Bhagavati, Bhagavatī: 17 definitions
Bhagavati means something in Buddhism, Pali, Hinduism, Sanskrit, the history of ancient India, Marathi, Hindi. If you want to know the exact meaning, history, etymology or English translation of this term then check out the descriptions on this page. Add your comment or reference to a book if you want to contribute to this summary article.
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Natyashastra (theatrics and dramaturgy)Source: Wisdom Library: Nāṭya-śāstra
Bhagavati (भगवति, “holy lady”) refers to a specific “mode of address” (nāman) used in drama (nāṭya), according to Nāṭyaśāstra chapter 19. Bhagavati is used in addressing female ascetics and Goddesses.
Natyashastra (नाट्यशास्त्र, nāṭyaśāstra) refers to both the ancient Indian tradition (shastra) of performing arts, (natya—theatrics, drama, dance, music), as well as the name of a Sanskrit work dealing with these subjects. It also teaches the rules for composing Dramatic plays (nataka), construction and performance of Theater, and Poetic works (kavya).
Purana and Itihasa (epic history)Source: archive.org: Shiva Purana - English Translation
Bhagavatī (भगवती) is another name for Śivā: the Goddess-counterpart of Śiva who incarnated first as Satī and then Pārvatī, according to the Śivapurāṇa 2.1.16:—“[...] the great goddess Śivā is of the three natures. Śivā became Satī and Śiva married her. At the sacrifice of her father she cast off her body which she did not take again and went back to her own region. Śivā incarnated as Pārvatī at the request of the Devas. It was after performing a severe penance that she could attain Śiva again. Śivā came to be called by various names [such as Bhagavatī,...]. These various names confer worldly pleasures and salvation according to qualities and action. The name Pārvatī is very common.Source: archive.org: Puranic Encyclopedia
Bhagavatī (भगवती).—The words Bhagavān and Bhagavatī mean Paramātmā (universal self) and Prakṛti (Nature and its modifications) respectively. Prakṛti is also called by the name Śakti. The following elucidation once given by Mahāviṣṇu about Bhagavān and Bhagavatī is greatly illuminating.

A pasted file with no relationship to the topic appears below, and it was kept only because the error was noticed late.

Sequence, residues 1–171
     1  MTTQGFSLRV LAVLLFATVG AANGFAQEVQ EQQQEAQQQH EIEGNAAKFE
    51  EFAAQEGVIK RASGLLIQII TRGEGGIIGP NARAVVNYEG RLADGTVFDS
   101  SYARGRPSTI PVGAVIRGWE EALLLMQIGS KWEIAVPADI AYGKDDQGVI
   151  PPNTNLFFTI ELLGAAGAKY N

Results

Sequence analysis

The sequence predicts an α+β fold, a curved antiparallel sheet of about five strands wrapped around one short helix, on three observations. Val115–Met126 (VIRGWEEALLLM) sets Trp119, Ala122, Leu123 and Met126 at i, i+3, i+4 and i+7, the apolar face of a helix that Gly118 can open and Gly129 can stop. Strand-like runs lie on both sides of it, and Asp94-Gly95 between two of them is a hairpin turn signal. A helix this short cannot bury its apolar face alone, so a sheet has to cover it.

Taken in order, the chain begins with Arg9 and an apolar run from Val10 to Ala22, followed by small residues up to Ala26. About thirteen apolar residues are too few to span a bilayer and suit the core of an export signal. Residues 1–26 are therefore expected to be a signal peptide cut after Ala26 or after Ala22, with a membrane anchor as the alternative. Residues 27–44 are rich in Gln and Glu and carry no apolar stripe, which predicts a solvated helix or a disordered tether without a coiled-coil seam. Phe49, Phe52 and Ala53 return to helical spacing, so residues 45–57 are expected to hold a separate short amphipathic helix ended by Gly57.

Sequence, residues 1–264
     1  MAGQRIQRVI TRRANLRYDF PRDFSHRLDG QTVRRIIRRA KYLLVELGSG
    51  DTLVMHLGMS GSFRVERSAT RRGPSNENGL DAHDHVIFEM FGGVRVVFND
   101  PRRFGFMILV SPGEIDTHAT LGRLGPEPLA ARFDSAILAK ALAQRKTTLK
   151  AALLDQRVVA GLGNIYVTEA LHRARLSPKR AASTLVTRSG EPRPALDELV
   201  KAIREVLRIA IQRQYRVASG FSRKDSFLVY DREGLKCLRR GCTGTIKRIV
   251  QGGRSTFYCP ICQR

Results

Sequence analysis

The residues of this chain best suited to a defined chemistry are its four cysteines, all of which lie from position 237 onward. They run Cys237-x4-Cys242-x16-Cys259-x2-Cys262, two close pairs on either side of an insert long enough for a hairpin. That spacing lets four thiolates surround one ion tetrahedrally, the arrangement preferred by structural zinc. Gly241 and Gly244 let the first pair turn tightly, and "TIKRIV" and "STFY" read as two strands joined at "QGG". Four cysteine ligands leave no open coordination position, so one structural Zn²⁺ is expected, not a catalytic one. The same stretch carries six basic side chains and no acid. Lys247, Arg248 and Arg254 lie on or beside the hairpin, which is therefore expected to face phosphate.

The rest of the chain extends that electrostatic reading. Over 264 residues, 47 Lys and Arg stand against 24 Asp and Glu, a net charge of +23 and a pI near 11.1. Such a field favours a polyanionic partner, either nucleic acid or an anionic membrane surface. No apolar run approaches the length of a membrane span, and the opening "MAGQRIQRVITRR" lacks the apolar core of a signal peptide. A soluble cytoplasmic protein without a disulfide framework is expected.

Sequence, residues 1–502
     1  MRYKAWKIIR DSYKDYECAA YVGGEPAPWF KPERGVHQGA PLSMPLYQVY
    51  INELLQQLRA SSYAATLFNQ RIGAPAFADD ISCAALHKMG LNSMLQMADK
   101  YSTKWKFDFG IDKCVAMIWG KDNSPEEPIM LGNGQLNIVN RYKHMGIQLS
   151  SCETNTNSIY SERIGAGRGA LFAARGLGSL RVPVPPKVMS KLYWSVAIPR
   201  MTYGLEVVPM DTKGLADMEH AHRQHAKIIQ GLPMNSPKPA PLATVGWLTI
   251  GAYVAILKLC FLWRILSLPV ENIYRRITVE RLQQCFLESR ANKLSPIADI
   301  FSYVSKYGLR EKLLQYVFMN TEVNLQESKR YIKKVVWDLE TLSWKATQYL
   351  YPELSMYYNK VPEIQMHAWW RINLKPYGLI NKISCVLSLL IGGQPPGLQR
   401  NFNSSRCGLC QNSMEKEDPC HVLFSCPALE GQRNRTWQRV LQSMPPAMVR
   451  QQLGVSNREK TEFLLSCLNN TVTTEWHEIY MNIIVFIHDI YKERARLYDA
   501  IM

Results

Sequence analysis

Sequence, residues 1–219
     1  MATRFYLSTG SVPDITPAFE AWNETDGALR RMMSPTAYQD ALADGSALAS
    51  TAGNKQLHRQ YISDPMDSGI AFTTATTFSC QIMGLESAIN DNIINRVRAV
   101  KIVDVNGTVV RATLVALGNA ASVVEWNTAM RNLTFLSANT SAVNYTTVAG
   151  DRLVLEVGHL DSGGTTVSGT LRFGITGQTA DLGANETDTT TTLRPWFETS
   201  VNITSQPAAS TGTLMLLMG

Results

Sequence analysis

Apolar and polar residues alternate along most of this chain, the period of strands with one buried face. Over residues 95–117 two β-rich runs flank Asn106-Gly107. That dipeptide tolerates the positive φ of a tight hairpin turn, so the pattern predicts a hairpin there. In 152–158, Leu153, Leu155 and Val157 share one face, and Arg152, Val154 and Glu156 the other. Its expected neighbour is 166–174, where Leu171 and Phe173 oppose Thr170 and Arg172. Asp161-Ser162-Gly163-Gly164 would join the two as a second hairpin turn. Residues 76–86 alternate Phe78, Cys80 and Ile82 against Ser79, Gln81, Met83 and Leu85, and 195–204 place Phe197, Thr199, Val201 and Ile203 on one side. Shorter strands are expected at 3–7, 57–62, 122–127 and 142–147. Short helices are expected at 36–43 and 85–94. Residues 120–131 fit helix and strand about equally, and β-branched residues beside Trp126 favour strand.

Time, space, atmosphere and the universe (Brahmāṇḍam) are, just like Paramātmā, eternal. This is the truth and reality. Below this eternal Gokula exists Vaikuṇṭhaloka, which also is, like the former, eternal. Just like this, Prakṛti, which is a sport to Brahmā and is also without beginning or end (Sanātanī) too is eternal. In the same manner as flame exists in fire inseparable from it, moonlight in moon, beauty in the lotus flower and brightness in the sun, so does nature exist in soul inseparable therefrom. In the same way as the goldsmith cannot make gold ornaments without gold and the potter cannot make pots without clay, the Paramātmā will not in the least be able to function unaided by Prakṛti. Prakṛti (Nature, Devī) is all powerful. 'Para' becomes powerful enough to do everything when he joins the Devī. (See full article at Story of Bhagavatī from the Puranic encyclopaedia by Vettam Mani)Source: Cologne Digital Sanskrit Dictionaries: The Purana Index
Bhagavatī (भगवती).—Also Māyā.*
- * Brahmāṇḍa-purāṇa IV. 6. 53; 12. 42.
The Purana (पुराण, purāṇas) refers to Sanskrit literature preserving ancient India’s vast cultural history, including historical legends, religious ceremonies, various arts and sciences. The eighteen mahapuranas total over 400,000 shlokas (metrical couplets) and date to at least several centuries BCE.
Shaktism (Shakta philosophy)Source: Google Books: Manthanabhairavatantram
1) Bhagavatī (भगवती) refers to the “Supreme Goddess” as a general epithet.—Durgā and all great Kaula goddesses are ‘Bhagavatī’. ‘Bhagavatī’ is the feminine of the word ‘Bhagavat’ which is a manner of referring to the Supreme God in general but is most commonly used in the Sanskrit sources with reference to Viṣṇu. Although the goddess is represented as Viṣṇu’s Māyā in the Devīmāhātmya she is not specifically connected with him. She is called ‘Bhagavatī’ in a generic sense simply to indicate that she is the Great Goddess (Mahādevī). In North India and Nepal, Bhagavatī is particularly Durgā .